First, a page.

Former state legislator Jonathan Paton is making another run for a congressional seat, but he won’t be seeking to replace U.S. Rep. Gabrielle Giffords, who resigned her seat today a year after she was shot in the head in an assassination attempt.
Instead, he will run in a district dramatically different from the one he unsuccessfully sought in the 8th Congressional District in 2010, when he lost in the Republican primary to Tea Party candidate Jesse Kelly.
Paton this morning announced on a Tucson conservative talk radio show that he will run for the new 1st Congressional District, which includes most of northern and eastern Arizona. It stretches from the Grand Canyon to the state’s eastern border, and south around the metro Phoenix area. It also includes communities northwest of Tucson that were previously in CD8.
The seat in CD1 became vacant earlier this month when U.S. Rep. Paul Gosar, R-Flagstaff, announced he would instead seek re-election in the heavily Republican 4th Congressional District instead of squaring off against Flagstaff Democrat Ann Kirkpatrick, whom he defeated in 2010.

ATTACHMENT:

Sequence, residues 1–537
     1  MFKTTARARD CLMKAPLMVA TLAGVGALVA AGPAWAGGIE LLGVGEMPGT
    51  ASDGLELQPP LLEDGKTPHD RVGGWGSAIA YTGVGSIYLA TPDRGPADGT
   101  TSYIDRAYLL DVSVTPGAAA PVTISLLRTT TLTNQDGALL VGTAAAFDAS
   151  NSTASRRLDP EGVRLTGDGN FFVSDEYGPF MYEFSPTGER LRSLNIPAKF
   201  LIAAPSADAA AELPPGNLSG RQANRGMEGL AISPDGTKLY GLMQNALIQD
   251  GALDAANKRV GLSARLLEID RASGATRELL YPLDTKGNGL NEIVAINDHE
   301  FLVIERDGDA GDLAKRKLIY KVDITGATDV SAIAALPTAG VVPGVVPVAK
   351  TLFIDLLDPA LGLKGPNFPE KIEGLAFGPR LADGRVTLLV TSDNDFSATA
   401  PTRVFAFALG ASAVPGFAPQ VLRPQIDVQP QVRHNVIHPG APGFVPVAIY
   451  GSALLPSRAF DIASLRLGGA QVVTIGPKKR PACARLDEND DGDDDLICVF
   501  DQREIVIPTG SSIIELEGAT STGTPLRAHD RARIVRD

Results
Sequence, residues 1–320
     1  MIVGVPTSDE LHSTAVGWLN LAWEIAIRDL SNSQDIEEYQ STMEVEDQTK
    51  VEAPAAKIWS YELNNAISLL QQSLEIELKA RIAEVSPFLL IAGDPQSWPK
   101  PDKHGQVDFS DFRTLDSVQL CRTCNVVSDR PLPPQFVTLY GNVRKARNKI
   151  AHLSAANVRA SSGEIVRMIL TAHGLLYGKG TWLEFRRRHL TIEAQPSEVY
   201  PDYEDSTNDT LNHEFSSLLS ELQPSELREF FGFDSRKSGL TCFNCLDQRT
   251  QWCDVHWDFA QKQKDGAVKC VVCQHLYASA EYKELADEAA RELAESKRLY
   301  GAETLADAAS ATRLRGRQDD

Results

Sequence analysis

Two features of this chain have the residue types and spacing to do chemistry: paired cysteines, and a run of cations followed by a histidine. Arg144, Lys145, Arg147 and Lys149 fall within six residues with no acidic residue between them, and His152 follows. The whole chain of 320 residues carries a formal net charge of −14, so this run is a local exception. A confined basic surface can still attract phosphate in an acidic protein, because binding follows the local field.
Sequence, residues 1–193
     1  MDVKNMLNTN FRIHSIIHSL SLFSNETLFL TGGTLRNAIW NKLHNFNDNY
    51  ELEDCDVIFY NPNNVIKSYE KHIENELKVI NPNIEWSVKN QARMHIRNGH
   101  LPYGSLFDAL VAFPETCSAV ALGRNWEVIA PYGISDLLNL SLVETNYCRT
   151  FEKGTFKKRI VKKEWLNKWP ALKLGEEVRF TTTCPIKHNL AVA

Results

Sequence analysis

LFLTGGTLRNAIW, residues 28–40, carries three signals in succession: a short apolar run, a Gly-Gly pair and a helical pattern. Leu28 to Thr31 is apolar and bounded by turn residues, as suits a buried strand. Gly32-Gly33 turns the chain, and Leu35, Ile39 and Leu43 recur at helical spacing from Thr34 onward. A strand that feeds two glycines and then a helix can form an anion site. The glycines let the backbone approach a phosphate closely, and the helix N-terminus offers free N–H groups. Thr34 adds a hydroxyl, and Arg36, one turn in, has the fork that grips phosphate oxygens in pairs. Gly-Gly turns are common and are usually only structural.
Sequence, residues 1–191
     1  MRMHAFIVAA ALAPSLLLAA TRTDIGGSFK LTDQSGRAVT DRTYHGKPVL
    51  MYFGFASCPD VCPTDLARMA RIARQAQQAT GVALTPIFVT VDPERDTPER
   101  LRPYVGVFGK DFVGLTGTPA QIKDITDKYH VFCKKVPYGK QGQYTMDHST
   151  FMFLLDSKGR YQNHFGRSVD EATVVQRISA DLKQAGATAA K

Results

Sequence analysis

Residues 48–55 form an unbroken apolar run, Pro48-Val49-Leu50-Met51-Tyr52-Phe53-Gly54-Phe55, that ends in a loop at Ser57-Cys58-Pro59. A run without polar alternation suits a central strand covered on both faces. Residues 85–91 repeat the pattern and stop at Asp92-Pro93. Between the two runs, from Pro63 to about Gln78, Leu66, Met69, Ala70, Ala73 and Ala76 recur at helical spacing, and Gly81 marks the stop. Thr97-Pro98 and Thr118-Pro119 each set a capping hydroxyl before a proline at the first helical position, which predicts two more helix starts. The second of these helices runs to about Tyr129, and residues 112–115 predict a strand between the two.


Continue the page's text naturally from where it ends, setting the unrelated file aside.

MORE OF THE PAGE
Paton has said he will move to CD1 from his Tucson home, which is in the new 2nd Congressional District.
In an e-mail to supporters, Paton said Kirkpatrick is being funded by liberal groups that are fighting to help Democrats regain control of the U.S. House.
“Kirkpatrick’s major donor list reads like a Who’s Who of Liberal America — Nancy Pelosi, Anthony Weiner, Emily’s List, Big Labor, and radical environmentalist groups have all written big checks,” he wrote. “What’s clear is that we need someone representing us in Congress who shares our values and will work for Arizona — not for themselves and extremist interests.”
Kirkpatrick’s campaign wasted no time and resurrected an attack that the Arizona Democratic Party leveled at Paton during the 2010 campaign.
“Here in Congressional District One, the last thing we need is a payday-lending lobbyist or a carpetbagger representing us in Congress. Jonathan Paton is both,” said Kirkpatrick spokeswoman Jennifer Johnson.
Democrats have a 39.6 percent to 30.1 percent voter registration advantage over Republicans in CD1. However, a competitiveness analysis by the Arizona Independent Redistricting Commission, which designed the district to be one of three competitive districts in the state, shows voters in CD1 have favor Democratic candidates by less than one percentage point since 2004.